June 02, 2010 | Tips from Travellers >
Smithers, Historic & Heritage Sites
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Hi, this is Ali from the Smithers Visitor's Centre. On May 18th, the welcoming people from Fort St. James National Historic Site invited us to come experience what their site had to offer. Because it's a bit of a hefty drive, they offered to let us stay in one of the heritage homes to make it an overnight trip as opposed to a very long day.
4 of us from Smithers went to Fort St. James- 2 of my coworkers and myself stayed in the designated women's quarters in the officer's dwelling house, and my other male coworker stayed in the (appropriately named) men's quarters. The site is turning these amazing heritage houses into bed and breakfasts, which I highly recommend to anyone with an appreciation of history, and also looking for a rustic stay, as there are no showers for use. What there is though is a delicious homecooked meal, people dressed in period costumes, campfires, and an authentic blast into the past.
After driving in torrential downpour to Fort St. James, we were introduced to our place of stay, and given time to explore the town. Set on the shores of Stuart Lake, Fort St. James is a town of approximately 3000 people. It's a very beautiful, and somewhat unknown place, as it is 30 minutes off highway 16. We came back to a delicious meal cooked on an old-time fire stove of baked potatoes, corn on the cob, and a choice of fish or steak(or salad for us vegetarians). For dessert, there was homemade apple pie, and then off to bed.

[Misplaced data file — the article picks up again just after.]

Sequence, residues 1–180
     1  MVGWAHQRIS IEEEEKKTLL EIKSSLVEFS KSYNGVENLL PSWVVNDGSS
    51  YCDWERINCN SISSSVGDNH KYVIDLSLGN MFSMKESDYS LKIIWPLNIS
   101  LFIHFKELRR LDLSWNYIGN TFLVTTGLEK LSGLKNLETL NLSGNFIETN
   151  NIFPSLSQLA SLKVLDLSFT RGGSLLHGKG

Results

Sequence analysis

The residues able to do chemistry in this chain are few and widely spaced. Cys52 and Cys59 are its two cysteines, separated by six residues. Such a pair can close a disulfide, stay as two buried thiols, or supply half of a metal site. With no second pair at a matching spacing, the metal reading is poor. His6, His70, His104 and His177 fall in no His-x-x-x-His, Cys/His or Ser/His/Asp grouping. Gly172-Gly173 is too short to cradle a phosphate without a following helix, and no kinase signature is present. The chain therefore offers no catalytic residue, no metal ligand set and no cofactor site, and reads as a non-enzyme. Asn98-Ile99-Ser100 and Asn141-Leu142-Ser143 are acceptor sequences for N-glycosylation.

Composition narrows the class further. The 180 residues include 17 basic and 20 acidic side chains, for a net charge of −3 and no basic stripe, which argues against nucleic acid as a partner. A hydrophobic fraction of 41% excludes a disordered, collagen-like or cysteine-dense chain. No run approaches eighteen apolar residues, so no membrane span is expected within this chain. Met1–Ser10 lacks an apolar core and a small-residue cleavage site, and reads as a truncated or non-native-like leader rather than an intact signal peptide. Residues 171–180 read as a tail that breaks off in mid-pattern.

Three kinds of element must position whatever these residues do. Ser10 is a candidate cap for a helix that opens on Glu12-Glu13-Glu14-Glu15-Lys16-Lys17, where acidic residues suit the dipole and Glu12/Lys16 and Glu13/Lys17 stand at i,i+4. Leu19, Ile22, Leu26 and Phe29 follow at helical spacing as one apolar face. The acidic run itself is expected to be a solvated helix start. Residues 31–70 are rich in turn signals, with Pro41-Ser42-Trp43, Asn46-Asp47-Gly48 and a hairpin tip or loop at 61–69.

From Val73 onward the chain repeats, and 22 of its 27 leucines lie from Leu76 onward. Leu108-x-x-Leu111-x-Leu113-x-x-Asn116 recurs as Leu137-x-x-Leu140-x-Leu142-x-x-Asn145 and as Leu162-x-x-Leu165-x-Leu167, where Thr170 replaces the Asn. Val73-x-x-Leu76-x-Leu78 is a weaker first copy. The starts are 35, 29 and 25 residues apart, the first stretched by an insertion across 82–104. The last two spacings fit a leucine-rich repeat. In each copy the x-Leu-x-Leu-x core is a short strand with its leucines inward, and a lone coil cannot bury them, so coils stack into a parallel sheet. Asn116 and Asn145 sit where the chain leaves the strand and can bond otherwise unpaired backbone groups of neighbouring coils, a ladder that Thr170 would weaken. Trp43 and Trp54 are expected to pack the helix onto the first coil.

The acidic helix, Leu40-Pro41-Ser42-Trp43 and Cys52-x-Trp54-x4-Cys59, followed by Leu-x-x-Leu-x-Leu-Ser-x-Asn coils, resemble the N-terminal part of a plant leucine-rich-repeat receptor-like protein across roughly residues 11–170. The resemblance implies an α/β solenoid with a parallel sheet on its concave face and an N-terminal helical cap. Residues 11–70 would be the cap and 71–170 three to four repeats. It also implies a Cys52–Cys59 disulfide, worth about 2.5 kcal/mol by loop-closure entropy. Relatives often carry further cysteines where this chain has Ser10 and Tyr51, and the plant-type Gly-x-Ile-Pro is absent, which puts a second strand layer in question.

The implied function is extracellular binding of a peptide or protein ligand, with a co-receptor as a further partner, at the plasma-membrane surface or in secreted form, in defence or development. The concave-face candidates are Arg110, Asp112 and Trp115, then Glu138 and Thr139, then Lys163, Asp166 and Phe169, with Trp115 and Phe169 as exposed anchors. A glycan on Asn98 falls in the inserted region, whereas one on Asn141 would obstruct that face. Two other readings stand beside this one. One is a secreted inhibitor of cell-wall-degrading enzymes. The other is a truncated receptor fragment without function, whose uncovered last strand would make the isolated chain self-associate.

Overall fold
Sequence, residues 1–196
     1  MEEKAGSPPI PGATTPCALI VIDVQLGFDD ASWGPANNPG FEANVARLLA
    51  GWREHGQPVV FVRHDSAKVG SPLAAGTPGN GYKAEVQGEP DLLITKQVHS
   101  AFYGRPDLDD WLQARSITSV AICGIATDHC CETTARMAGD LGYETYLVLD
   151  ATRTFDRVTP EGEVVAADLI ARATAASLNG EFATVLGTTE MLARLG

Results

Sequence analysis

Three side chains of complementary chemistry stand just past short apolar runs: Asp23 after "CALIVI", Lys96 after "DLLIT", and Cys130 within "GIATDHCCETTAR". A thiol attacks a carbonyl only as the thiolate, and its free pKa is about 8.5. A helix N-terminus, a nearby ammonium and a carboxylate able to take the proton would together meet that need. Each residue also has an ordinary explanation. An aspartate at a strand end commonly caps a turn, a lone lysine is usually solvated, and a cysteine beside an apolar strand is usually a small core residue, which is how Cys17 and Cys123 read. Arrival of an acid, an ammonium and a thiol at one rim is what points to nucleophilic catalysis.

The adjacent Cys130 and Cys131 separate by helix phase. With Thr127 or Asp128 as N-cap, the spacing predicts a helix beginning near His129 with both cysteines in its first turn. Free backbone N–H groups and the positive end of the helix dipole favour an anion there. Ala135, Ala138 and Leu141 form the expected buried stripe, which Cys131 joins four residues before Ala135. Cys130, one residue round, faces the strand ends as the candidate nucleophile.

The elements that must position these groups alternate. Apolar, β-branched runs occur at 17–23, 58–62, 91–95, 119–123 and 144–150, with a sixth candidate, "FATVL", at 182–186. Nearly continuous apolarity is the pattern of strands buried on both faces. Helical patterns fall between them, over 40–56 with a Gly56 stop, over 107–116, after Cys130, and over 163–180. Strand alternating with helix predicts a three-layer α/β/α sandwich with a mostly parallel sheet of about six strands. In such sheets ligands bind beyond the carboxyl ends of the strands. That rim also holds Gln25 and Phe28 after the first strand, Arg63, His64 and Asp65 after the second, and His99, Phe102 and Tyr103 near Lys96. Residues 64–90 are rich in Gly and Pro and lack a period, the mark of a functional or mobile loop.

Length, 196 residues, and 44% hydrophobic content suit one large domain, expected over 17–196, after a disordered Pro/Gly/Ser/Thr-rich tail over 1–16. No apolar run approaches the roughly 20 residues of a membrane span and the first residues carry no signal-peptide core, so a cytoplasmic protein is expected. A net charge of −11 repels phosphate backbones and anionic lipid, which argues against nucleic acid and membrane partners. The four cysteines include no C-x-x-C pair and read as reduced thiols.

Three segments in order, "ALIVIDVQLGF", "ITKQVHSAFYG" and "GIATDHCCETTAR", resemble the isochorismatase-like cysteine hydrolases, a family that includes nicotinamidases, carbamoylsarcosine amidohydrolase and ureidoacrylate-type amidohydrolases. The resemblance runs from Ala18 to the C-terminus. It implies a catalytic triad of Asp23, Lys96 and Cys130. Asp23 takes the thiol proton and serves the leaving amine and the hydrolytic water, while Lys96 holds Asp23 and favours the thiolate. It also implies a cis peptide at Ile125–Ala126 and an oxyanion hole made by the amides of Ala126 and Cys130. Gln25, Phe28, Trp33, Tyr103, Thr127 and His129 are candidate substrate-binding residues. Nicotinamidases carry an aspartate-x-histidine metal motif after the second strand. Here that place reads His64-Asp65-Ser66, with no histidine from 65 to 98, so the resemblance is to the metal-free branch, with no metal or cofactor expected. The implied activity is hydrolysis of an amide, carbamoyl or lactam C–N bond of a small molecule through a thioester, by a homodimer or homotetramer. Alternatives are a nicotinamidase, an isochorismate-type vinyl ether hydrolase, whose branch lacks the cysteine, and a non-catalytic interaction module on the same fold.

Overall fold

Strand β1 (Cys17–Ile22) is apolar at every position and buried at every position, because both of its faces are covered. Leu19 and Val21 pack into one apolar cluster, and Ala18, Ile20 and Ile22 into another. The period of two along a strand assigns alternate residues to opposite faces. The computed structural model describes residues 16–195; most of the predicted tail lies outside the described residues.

I slept in a bed from approximately 1896, and it's interesting to note that at 5 foot 5 inches, I barely fit lengthwise on the bed. Apparently, everyone was much shorter in the 1800s, primarily from lack of good nutrition. Fort St. James was called the "Siberia of the North", because the residents were unable to restock on supplies in the winter, and had to rely on smoked fish.
The next day, after a breakfast of sausage and pancakes, we gathered on the site to play historic games, such as lahal (traditional Aboriginal game), tug-of-war, and try our best on stilts. We were served lunch by the culinary students from the College of New Caledonia, and then were given a tour of the site. The fur building, which would store, among many things, furs and supplies from the Hudson Bay Company. We tried our hand at trading (at which I failed miserably) in a mock trade of a fur with one of the staff in the trading building. We tried "hunting" with sling shots, after which we were told we would all make good vegetarians. We were also shown how fur was made into fabric, and our tour was concluded for the day.
It was all a great experience, especially for the reason that I had never been to Fort St. James. Though I have lived in Northern BC my whole life, I have never seen these places before because of a whole list of excuses that seem pretty lame now that I look back on them. So my advice to anyone travelling in BC, and especially to those living here- get out and experience everything, even if it isn't on your way to wherever you're going. If it happens to be a few hours down the road, then more the better. Remember, as I well know, people come from all over the world for these experiences.